A Florida nail technician helped researchers develop a tracking device for endangered sea turtles.
Photo by Kelly Bracken
According to a report on PRI, a Florida nail technician helped researchers develop a tracking device for endangered sea turtles. “For conservationists, studying sea turtles has long presented a challenge. Newly hatched sea turtles disappear almost immediately into the deep waters of the ocean, becoming almost impossible to track and not reappearing for years,” writes Adam Wernick for PRI.
Unable to successfully develop a system for tracking the newborn turtles in the open ocean, biologist Kate Mansfield of the UCF Marine Turtle Research Program and Florida Atlantic University professor Jeannette Wyneken received a suggestion from Marisol Marrero, a nail technician at Not Just Nails in Boynton, Fla.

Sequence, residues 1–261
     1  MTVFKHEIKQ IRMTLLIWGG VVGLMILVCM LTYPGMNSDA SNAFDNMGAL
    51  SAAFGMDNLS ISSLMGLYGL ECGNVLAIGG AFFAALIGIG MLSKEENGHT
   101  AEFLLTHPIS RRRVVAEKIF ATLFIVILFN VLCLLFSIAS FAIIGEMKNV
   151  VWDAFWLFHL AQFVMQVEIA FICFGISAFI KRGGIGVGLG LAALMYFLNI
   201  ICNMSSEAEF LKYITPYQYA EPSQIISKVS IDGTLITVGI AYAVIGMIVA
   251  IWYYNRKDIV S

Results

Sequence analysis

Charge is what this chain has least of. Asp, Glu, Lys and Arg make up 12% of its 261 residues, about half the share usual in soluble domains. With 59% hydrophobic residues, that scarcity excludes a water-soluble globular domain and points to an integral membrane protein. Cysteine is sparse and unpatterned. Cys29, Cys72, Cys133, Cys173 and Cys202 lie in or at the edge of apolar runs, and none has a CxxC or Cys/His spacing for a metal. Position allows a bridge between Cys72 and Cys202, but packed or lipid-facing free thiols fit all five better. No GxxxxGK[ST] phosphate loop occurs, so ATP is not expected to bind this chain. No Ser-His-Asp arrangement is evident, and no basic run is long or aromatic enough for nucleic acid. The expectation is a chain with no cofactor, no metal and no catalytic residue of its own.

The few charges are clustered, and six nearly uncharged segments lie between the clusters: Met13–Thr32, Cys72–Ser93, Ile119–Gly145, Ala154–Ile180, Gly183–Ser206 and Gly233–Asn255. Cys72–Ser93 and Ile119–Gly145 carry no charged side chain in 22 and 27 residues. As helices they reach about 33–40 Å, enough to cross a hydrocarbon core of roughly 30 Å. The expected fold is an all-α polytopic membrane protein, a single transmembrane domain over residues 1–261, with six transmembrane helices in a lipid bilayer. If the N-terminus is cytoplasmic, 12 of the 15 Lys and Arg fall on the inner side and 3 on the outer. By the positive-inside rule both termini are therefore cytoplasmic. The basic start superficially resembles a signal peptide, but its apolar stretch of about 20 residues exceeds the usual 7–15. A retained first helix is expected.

Marrero asked Wyneken, an occasional customer, if she had considered using an acrylic base coat. It turns out, sea turtle shells are made from keratin just like fingernails. The researchers ended up using an acrylic nail base coat and hair extension glue to affix a solar-powered tracking device to the turtles — and it worked.
“Mansfield and her team were able to track the turtles for two to three months, much longer than with any other device they had tried,” said the report. “It was fairly exciting because these data are the first for any in-water behavior, any information on how the turtles interact with their environments, and where they may be going on a broad scale,” said Dr. Mansfield.